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Malta is stuck in a rut when it comes to perceived corruption in the world.

Transparency International's latest rankings in its global list of perceived corruption show that Malta's score has remained virtually unchanged, while scores in 25 other countries have improved.

It assigns a score to each country ranging from zero (highly corrupt) to one hundred (very clean), based on the opinions of experts and businesspeople.

In total, 25 countries saw an increase in their CPI score, while 23 saw a decrease, and 132 countries saw no change.

Armenia saw the greatest increase in CPI score, rising 14 points while the biggest drop was in Canada by 8 points.

Malta received a score of 54 this year, one point higher than last year, and is ranked 131st out of 180 countries.

According to the Times of Malta, the island's worst-ever score was 53 in 2021, marking a long-term decline of seven points since 2015.

It also quoted a spokesperson for The Daphne Caruana Galizia Foundation, Transparency International's Malta contact point, as saying that the country's marginal improvement in the index score was no cause for celebration, and that true progress would be demonstrated by Malta making and maintaining a larger shift in the score.

"The one-point increase is not a reliable indicator of an improving situation on the ground. " The spokesperson explained that "a change in any one of the data sources that feed into the Corruption Perceptions Index could result in a slightly higher score while the situation on the ground remains unchanged."

"To reliably conclude that things are improving, we would need to see a higher shift in Malta's score sustained for two or more consecutive years."

The apparent lack of change in the CPI, on the other hand, appears to be part of a worldwide trend.

In the wake of the COVID pandemic, Transparency International reported that corruption levels had "stagnated worldwide," noting that 131 countries had made no significant progress over the last decade and 27 countries had achieved a "historic low" CPI score.

In a statement, it said that Respecting human rights is essential for controlling corruption because empowered citizens have the space to challenge injustice."

"The global COVID-19 pandemic has also been used in many countries as an excuse to curtail basic freedoms and side-step important checks and balances. And, despite the increasing international momentum to end the abuse of anonymous shell companies, many high-scoring countries with relatively ‘clean' public sectors continue to enable transnational corruption."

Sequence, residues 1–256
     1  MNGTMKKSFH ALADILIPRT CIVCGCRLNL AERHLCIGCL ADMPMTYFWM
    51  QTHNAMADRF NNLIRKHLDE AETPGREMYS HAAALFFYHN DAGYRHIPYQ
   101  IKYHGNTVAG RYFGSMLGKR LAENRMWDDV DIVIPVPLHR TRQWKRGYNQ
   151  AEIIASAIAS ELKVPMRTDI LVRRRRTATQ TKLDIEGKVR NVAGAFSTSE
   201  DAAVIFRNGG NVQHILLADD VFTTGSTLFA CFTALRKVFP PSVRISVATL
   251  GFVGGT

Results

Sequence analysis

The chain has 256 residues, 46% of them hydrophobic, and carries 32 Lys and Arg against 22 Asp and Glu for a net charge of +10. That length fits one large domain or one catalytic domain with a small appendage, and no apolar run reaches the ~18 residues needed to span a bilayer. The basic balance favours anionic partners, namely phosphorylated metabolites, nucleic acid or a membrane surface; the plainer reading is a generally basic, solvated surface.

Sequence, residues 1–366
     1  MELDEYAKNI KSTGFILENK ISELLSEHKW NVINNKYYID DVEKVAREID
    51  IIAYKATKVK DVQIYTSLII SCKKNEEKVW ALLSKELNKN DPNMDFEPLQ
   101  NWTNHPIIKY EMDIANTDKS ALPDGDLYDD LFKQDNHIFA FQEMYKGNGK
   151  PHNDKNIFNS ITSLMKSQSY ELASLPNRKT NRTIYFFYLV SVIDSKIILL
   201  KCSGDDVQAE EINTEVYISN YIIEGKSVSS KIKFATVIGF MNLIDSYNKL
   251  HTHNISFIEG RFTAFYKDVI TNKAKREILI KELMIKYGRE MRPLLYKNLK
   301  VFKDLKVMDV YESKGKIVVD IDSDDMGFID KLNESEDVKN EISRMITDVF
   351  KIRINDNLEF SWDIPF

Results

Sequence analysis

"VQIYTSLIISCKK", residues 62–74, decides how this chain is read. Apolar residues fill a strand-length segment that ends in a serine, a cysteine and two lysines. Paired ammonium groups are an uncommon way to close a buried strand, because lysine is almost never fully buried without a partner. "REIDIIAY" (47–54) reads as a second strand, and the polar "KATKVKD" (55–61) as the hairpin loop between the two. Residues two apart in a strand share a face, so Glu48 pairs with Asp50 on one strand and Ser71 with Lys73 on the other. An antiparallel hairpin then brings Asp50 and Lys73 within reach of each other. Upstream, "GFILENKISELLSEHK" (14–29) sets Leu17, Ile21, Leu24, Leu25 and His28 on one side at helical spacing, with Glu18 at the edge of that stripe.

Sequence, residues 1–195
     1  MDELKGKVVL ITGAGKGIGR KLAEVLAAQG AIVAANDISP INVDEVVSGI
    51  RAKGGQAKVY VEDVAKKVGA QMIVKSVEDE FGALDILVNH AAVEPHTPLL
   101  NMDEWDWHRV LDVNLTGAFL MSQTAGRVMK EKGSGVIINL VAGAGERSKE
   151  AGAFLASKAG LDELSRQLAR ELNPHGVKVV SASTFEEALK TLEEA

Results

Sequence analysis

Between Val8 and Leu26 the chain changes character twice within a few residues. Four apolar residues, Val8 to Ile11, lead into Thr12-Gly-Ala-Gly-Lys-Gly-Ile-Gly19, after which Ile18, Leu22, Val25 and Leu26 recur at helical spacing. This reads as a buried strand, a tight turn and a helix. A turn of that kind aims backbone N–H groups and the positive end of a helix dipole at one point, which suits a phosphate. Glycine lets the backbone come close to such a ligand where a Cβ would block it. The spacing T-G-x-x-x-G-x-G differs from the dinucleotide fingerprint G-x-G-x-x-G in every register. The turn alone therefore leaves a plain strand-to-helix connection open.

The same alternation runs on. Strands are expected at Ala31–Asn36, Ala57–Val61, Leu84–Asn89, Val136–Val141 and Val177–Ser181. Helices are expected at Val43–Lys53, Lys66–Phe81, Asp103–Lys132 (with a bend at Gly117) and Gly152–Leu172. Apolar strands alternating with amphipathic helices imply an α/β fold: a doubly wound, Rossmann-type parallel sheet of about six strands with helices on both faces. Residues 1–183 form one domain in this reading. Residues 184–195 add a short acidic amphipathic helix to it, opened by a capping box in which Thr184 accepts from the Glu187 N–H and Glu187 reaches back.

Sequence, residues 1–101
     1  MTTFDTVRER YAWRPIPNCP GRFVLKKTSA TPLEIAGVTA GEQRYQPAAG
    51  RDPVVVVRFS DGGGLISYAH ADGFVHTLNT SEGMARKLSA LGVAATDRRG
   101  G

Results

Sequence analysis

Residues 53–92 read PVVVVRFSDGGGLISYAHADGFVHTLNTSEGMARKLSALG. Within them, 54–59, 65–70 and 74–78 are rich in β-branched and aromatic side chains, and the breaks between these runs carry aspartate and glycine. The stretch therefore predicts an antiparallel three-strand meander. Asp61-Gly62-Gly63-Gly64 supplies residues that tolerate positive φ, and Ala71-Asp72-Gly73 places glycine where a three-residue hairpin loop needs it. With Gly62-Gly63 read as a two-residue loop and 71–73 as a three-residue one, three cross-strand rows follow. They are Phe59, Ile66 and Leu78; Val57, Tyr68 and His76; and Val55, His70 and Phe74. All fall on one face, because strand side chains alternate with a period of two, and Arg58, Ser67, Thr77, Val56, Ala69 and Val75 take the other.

The index, according to the foundation, assesses perceptions of corruption based on direct and indirect experience.

"However, it is not an opinion poll that shows a simple snapshot at any one moment. The CPI is a composite indicator based on 13 external data sources and uses a methodology that has been adjusted and refined to allow comparison over time.", the foundation said.

"Malta's stagnating country score indicates that not enough is being done to fight corruption."

Malta must take action to address identified failures in order to implement effective change, according to the report.

"The country needs to address the findings of the FATF assessment which led to the country's greylisting and to urgently address state failures and gaps in the systems that should protect fundamental rights," it continued.

"The public inquiry into the circumstances of Daphne's assassination documented multiple institutional failures and identified the need to effectively address impunity, corruption and abuses of power and to create an enabling environment for journalism as key areas for reform," the report said.

"Pressure on the right to free speech, free assembly, free participation, and so on - whether this impacts activism, journalism or other ‘public watchdog' functions - limits the ability of groups to demand accountability and clears the way for abuse of power."

With 88 points each, Denmark, Finland, and New Zealand topped the list, while South Sudan came in last with 11 points.


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